The cause of the accident is shrouded in mystery and thus, a prime breeding ground for rumor. The truth is entombed in the concrete sarcophagus, but for some, the date of the accident provides important clues to its cause. Reactor workers report being under pressure from high officials to demonstrate above-average power output prior to May 1, the day when the accomplishments of "the workers" and glories of the Communist party were celebrated. The reactor and its turbines were pushed beyond their capacity, resulting in the fire that destroyed the reactor and released the radiation.

The truth may never be known.

It's also impossible to know how many people died as a direct result of the accident. There's a moving memorial to the firefighters who were the first on the scene, funded and built by their comrades. Its plaque reads, “to those who saved the world.” Only one of the first responders is still alive. His longevity is attributed to the fact that he had been at a wedding the night of the accident and arrived at the fire drunk on red wine and vodka. This confirms what every Russian or Ukrainian knows --that alcohol is armor and protects against every ill, even radiation poisoning.

Rimma said the death count could be in the hundreds of thousands – possibly millions. Official counts put the number of immediate deaths at 31.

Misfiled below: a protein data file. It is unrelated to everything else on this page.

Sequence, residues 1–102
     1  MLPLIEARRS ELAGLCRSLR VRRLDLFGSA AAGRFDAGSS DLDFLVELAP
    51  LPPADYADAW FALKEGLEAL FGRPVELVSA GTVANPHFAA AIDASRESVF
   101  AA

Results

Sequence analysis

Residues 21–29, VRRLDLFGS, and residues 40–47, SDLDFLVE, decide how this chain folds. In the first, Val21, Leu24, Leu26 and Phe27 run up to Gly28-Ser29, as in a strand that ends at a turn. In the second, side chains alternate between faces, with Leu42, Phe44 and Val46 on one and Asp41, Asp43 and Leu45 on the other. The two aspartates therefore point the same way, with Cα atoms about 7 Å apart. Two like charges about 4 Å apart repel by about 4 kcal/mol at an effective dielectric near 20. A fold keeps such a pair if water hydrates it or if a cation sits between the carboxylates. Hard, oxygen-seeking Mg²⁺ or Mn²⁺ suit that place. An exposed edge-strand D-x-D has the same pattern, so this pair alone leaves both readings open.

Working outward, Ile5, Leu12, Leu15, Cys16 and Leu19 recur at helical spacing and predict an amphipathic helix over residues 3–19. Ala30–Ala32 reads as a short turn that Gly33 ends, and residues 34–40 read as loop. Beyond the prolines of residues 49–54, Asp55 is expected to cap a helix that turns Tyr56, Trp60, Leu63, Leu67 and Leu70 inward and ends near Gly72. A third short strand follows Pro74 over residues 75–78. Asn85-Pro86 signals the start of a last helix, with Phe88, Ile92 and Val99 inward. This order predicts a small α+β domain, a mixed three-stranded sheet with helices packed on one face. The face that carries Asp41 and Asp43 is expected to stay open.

Six hundred fifty thousand “liquidators” worked at the site in the months after the disaster. What compelled this army of workers to toil at the scene, putting themselves at huge risk of radiation exposure? Rimma attributed it to Soviets' deep-seated commitment to defend the motherland."If your mother needs your help," she explained, "you do what you must." Government propaganda played into this sentiment. "The Power of the Soviet People Is Greater than the Atom" read an enormous banner hung at the reactor site.

Unfortunately, the tour was very clinical. We didn’t have the chance to talk to anyone who had been directly affected by the disaster. By placing the disaster in the category of “history,” rather than an ongoing catastrophe that will affect generations to come, the tour diminished the tragedy of Chernobyl. This, too, may prove to be another convenient coping strategy for the Ukrainians who want to put the past behind them as quickly as possible.

Near the end of the tour, our small group stood on a railway bridge, throwing bread to catfish that live in the cooling pond next to the reactor. One monster, approximately seven feet long, surfaced and snatched half a loaf before disappearing into the dark water. "That's a normal size for catfish," Rimma said quickly.

Unverifiable. But plausible? Maybe.